UCLA Basketball: Why the Bruins Can't Win on the Road

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UCLA Basketball: Why the Bruins Can't Win on the Road
Stephen Dunn/Getty Images

For a team that will have essentially played on the road for the entire 2011-12 season, you would expect UCLA to perform much better away from "home."

You could phrase the year-long renovation of Pauley Pavilion as a mixed blessing, depriving the Bruins of a true home court but enabling them to better contend with unfamiliar environments.

You’d be wrong.

In six true conference road games, the Bruins are 1-5, their first win coming against a Washington State team they haven’t lost to in Pullman since 1993.

Notice I didn’t count their win at USC a road game, because if playing at the Galen Center is considered "on the road," so are games at the Sports Arena or Honda Center. 

So why can’t the Bruins win on the road?

Is it the hostile environments?

The noise?

The travel?

Actually, it’s none of the above.

To explain why the Bruins struggle on the road is to point out that for the most part, they actually don’t.

Of their five conference road losses, three have been by three points or less. In the other two at California and Oregon, UCLA played solid first halves, trailing Cal by one at the half while leading the Ducks by 13.

In all five contests, UCLA showed for long stretches that it was not only capable of winning, but also were arguably the better team. Unfortunately, the results never went the Bruins' way. 

Compiled averages from UCLA’s five road losses to its four home wins tell an interesting story:

 

Home

Away

FG%

54.075

46.36

OPP FG%

42

49

3PT%

41.85

44.22

PPG

73.25

69.8

RPG

32.25

30.4

APG

18.5

13.8

On the one hand, it seems clear that UCLA shoots better at home than away, and holds opponents to a lower percentage from the floor. Yet the points the Bruins average aren’t that different, and they actually shoot better from three-point range on the road. Their rebounding differences are negligible, but their assists-per-game are markedly better at home. 

There are two conclusions we can draw from this limited data: 

1)   Based on road opponent’s field-goal percentage alone, there seems to be a significant drop-off in UCLA’s defense on the road.

2)   Offensively, UCLA operates much more efficiently at home based on field-goal percentage and assists per game.

Let’s tackle the first conclusion first.

It is evident to everyone who has watched UCLA play on the road this year that its defense isn’t the same on the road. For one reason or another, the Bruins cannot lock teams down like they have done in the past. It’s not that the defense has been entirely poor, but all it takes is one stretch of lapses that allows, say, an Oregon State team to take a lead it won’t relinquish.

UCLA simply plays with more defensive energy at home. Double-teams are more effective, switches are quicker and most shots are contested.

Harry How/Getty Images

It’s a different story away from home, with shooters flying with confidence all over the court. As you can see from the graph above, UCLA’s opponents are making almost 50 percent of their shots from the floor, well above the under-40 percent Howland demands of his defense.

The reason UCLA’s road defense has been poor when compared to its performances at home has to do with one word: leadership. To many, this sounds like finger-pointing at Howland, and while it’s true that he does bear some responsibility for his team's struggles, the vast majority of it lies with his players.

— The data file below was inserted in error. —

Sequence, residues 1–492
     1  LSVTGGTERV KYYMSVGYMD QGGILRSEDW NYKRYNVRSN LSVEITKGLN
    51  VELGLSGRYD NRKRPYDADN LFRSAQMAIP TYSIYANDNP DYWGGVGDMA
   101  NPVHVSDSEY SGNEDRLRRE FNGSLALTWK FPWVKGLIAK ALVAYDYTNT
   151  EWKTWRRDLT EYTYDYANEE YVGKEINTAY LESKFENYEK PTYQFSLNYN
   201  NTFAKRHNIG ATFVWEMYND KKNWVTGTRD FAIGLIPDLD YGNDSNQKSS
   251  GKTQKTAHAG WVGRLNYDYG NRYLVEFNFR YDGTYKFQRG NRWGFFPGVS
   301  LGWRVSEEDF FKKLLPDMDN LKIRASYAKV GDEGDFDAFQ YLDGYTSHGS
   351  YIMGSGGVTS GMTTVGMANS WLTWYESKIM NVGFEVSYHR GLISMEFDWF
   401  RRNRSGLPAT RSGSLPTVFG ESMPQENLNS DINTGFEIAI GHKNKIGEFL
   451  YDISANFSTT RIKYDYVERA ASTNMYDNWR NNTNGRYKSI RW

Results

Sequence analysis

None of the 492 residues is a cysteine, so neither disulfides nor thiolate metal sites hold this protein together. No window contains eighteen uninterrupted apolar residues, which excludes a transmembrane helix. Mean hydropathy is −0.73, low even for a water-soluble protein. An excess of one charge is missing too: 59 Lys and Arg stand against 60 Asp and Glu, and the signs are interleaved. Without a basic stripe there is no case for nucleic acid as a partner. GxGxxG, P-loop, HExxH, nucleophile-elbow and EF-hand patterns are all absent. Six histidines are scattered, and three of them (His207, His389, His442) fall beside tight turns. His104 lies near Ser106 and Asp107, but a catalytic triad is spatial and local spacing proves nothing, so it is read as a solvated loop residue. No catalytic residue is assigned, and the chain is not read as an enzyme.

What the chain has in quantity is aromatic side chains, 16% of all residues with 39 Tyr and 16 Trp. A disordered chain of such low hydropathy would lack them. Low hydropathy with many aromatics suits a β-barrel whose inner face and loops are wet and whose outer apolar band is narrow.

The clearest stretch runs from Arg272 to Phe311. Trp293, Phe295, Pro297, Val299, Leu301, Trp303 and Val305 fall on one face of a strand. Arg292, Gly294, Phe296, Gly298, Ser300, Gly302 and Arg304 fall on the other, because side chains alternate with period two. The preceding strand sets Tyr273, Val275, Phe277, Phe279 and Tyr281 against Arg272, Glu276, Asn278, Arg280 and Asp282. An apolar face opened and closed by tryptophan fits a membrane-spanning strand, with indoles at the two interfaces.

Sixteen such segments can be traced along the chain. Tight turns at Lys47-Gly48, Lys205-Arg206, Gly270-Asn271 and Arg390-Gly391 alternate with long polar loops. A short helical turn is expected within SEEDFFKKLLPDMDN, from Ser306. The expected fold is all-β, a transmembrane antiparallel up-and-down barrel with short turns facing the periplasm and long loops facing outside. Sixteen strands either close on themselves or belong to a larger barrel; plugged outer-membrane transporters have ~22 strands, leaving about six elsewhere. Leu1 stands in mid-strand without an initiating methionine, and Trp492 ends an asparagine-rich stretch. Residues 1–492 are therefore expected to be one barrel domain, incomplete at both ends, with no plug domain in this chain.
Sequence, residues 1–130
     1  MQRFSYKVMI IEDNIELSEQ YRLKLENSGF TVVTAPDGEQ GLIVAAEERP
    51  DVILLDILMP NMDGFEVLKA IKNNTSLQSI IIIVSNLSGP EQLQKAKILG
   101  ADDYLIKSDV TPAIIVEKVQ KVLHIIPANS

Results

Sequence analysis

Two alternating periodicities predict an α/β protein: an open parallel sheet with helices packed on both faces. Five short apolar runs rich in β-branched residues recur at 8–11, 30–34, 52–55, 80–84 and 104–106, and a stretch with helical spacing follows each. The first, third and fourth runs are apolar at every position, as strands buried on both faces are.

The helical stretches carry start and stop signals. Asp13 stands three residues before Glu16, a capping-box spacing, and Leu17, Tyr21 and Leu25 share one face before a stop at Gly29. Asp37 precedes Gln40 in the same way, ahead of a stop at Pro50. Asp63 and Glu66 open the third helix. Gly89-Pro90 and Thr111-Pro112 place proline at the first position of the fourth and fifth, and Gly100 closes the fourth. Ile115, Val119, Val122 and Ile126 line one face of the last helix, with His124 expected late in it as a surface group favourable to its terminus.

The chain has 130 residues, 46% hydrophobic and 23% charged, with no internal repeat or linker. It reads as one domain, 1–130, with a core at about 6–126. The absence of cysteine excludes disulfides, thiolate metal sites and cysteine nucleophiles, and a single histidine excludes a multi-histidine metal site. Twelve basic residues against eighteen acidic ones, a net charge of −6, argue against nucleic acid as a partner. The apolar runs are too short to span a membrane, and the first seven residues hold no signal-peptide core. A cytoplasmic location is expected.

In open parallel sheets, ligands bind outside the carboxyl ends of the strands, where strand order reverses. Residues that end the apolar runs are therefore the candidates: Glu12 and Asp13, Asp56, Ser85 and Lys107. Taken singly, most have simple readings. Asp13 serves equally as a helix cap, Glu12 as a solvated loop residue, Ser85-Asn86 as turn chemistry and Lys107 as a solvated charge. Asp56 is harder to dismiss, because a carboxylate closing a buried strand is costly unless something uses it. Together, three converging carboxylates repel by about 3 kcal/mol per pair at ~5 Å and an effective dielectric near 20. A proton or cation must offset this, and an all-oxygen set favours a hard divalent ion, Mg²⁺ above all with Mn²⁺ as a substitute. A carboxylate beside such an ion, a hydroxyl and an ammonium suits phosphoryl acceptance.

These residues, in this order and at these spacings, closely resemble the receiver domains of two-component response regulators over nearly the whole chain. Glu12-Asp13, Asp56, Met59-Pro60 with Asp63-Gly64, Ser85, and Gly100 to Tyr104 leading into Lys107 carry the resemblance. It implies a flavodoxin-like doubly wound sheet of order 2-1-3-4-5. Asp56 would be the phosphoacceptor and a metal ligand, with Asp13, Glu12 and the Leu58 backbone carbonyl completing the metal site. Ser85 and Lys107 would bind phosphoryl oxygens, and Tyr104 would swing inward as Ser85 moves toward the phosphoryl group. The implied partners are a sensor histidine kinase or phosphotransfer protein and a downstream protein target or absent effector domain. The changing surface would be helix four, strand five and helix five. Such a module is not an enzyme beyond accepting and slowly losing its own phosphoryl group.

The lack of on-court leadership UCLA has displayed on the road has been astounding. This is a team led by two senior guards, one which (Jerime Anderson) has played in Howland’s system for four years as a point guard.

Both Anderson and Lazeric Jones have not been able to effectively lead this team of mostly underclassmen on the road. It falls on them to calm the guys down, to get the defensive sets right and to make sure the offense executes in crunch time.

Speaking of the offense, it’s leadership problems that again have caused the Bruins' attack to sputter on the road. Looking at the second conclusion I drew above from the data, UCLA seemingly cannot execute offensively on the road as it does at home.

Both their assists and field-goal percentages go down away from home, and again, that falls on the two senior guards whose responsibility is to steady the offensive ship.

UCLA cannot win on the road because it lacks the closer’s mentality to do so.

Of their nine-player rotation, only two are upperclassmen. The team looks to Jones and Anderson to lead them when things get tough on the road, and so far the two senior guards have not delivered. There simply isn’t enough experience on this team to win close Pac-12 games in hostile road environments, even when the Bruins outplay their opponents for much of the game. 

To win on the road, both their defense and offense must be more efficient. That responsibility resides in the team's leadership, and if Jones and Anderson continue to be absent, UCLA won’t win many games away from home.

Fortunately, the Bruins won’t have to play away from Los Angeles for much of the remainder of the season. Of their next seven conference games, they leave Southern California for only two of them (at Arizona and Arizona State).

They’ll even have the advantage staying local in the annual Pac-12 tournament, held at the Staples Center.

Luckily for Howland, the road question is almost moot, but going forward to seasons beyond this one, it will be valuable to understand why his team struggles away from home.

Bruins fans are getting restless. 

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